Throne of Glass book covers

Chaol Westfall Stans Might Not Want To Read This

Sarah J. Maas shot to fame for her TikTok-famous series A Court of Thorns and Roses but we’re rolling it back to the start of her career.

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Maas has become the face of romantasy for her three fantasy series, marrying romance and spice to high fantasy. Her very first series, Throne of Glass, started when she was 26, spanning seven books and four novellas (eventually being bundled together into one collection called Assassin’s Blade).

Warning: spoilers ahead for the full Throne of Glass series.

Throne of Glass follows the story of Celaena Sardothian aka Aelin Galathynius (we warned you there would be spoilers) as she journeys from an assassin in Rifthold to a queen of Terrasen. Each book offers something new and different and there’s even disagreements on how you should read them for the full effect.

We’ve pulled all eight books (including the novella collection) into a ranking from worst to best. And no, we won’t be taking questions.

Tower of Dawn

Favorite quote: “A gift. A gift from a queen who had seen another woman in hell and thought to reach back a hand. With no thought of it ever being returned. A moment of kindness, a tug on a thread.”

Sorry Chaol apologists! Tower of Dawn comes at the wrong time for me to want to embark on a world journey with everyone’s least favourite captain. Spending more time with Nesryn and meeting the wonder that is Yrene Towers for the first time is undoubtedly welcome—along with the genuinely world-shattering revelations about Maeve—but all most people can do while reading it is scream, ‘WHERE IS MY WIFE?’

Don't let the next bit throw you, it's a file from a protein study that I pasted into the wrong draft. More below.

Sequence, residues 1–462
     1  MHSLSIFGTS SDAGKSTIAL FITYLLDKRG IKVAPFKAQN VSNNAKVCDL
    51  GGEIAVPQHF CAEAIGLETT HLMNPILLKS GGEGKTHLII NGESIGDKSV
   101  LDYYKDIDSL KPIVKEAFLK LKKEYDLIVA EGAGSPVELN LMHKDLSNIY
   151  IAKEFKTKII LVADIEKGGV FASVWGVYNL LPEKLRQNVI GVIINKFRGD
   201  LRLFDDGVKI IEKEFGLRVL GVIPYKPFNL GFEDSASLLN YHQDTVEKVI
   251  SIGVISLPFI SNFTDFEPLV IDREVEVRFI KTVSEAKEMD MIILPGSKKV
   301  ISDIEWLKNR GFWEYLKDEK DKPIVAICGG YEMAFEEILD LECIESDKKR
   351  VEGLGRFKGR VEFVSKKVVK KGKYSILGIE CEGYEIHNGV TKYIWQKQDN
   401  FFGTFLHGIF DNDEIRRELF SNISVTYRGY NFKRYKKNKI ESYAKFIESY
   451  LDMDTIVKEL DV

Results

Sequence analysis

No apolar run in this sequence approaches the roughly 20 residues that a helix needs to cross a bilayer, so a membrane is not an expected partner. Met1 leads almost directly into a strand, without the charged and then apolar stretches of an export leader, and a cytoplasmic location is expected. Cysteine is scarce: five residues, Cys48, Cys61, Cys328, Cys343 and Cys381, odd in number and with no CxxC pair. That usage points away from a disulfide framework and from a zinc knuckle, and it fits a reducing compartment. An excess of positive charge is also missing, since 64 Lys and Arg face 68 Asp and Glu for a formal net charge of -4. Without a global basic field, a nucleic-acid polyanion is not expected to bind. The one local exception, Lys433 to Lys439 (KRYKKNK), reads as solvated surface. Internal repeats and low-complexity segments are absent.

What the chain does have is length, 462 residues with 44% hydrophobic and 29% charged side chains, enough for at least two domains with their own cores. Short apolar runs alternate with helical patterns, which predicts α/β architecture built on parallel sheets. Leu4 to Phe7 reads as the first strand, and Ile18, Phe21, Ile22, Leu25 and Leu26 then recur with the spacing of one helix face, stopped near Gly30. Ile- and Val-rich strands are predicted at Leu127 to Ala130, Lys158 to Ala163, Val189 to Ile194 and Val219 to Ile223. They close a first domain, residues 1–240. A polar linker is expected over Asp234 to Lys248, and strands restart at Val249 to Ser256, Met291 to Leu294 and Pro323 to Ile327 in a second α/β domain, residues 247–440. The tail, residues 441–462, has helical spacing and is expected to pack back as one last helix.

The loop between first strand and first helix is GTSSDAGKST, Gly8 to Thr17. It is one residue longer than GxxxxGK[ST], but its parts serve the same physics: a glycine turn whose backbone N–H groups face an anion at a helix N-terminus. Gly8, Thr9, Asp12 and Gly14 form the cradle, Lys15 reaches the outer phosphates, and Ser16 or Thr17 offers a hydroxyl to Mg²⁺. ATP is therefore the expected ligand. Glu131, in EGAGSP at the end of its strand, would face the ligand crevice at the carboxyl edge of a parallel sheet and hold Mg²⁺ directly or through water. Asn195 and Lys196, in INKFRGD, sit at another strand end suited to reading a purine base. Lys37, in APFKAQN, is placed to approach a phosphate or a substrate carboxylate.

Leaving Aelin locked in an iron box for an entire book is truly sadistic—and it’s why Tower of Dawn ranks so low here.

Throne of Glass

Favorite quote: “You could rattle the stars,” she whispered. “You could do anything, if only you dared. And deep down, you know it, too. That’s what scares you most.”

The very first book in the series will always hold a nostalgic place in fans’ hearts because it’s where it all started. We get sweet love triangle energy between Celaena, Dorian, and Chaol, the hijinks are relatively low stakes, and there are plenty of references dropped in that make for a rewarding reread.

However, it does suffer from the fate of being the first book in a series that hasn’t been picked up in its entirety, meaning it needs to be wrapped up with a neat bow. There are slight hints at a greater evil but it doesn’t have the same gripping plot that spans the rest of the books.

Assassin’s Blade

Favorite quote: “My name is Sam Cortland… and I will not be afraid.”

This quartet of short stories was never meant to be a full book but it works surprisingly well as one. It fills in the gaps ahead of Empire of Storms, when many of the clues dropped here are picked back up—as well adds some heart-wrenching pathos to the story of Sam and Celaena.

Considering this isn’t even a full book, it delivers a surprising amount of plot and depth to the characters in a short space of pages. However, it can’t quite compete with some of the better full books from the series—despite holding its own very well.

Crown of Midnight

Favorite quote: “Celaena Sardothien wasn’t in league with Aelin Ashryver Galathynius. Celaena Sardothien was Aelin Ashryver Galathynius, heir to the throne and rightful Queen of Terrasen.”

This second book in the series is where Throne of Glass starts to hit its stride. Celaena is a badass assassin in full and the wider world of Adarlan and beyond is starting to encroach on her life. The rebels, Archer, and the first real mentions of Aelin Galathynius start to clue the reader in to the future plotlines but it’s missing some of the real punchy scenes that Throne of Glass is known and loved for.